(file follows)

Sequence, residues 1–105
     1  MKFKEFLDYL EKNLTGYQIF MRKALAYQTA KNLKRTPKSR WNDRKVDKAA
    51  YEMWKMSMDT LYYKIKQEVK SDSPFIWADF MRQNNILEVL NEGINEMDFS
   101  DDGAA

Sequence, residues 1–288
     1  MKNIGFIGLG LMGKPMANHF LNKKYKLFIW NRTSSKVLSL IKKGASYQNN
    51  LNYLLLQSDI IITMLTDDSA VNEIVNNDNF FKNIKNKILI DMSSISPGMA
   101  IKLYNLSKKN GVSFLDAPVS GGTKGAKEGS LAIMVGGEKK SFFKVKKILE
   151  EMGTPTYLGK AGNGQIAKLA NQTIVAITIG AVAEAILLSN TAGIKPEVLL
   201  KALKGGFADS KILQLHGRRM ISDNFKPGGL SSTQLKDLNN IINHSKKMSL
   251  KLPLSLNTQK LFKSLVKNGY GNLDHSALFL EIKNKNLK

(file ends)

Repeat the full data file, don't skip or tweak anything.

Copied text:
Sequence, residues 1–105
     1  MKFKEFLDYL EKNLTGYQIF MRKALAYQTA KNLKRTPKSR WNDRKVDKAA
    51  YEMWKMSMDT LYYKIKQEVK SDSPFIWADF MRQNNILEVL NEGINEMDFS
   101  DDGAA

Sequence, residues 1–288
     1  MKNIGFIGLG LMGKPMANHF LNKKYKLFIW NRTSSKVLSL IKKGASYQNN
    51  LNYLLLQSDI IITMLTDDSA VNEIVNNDNF FKNIKNKILI DMSSISPGMA
   101  IKLYNLSKKN GVSFLDAPVS GGTKGAKEGS LAIMVGGEKK SFFKVKKILE
   151  EMGTPTYLGK AGNGQIAKLA NQTIVAITIG AVAEAILLSN TAGIKPEVLL
   201  KALKGGFADS KILQLHGRRM ISDNFKPGGL SSTQLKDLNN IINHSKKMSL
   251  KLPLSLNTQK LFKSLVKNGY GNLDHSALFL EIKNKNLK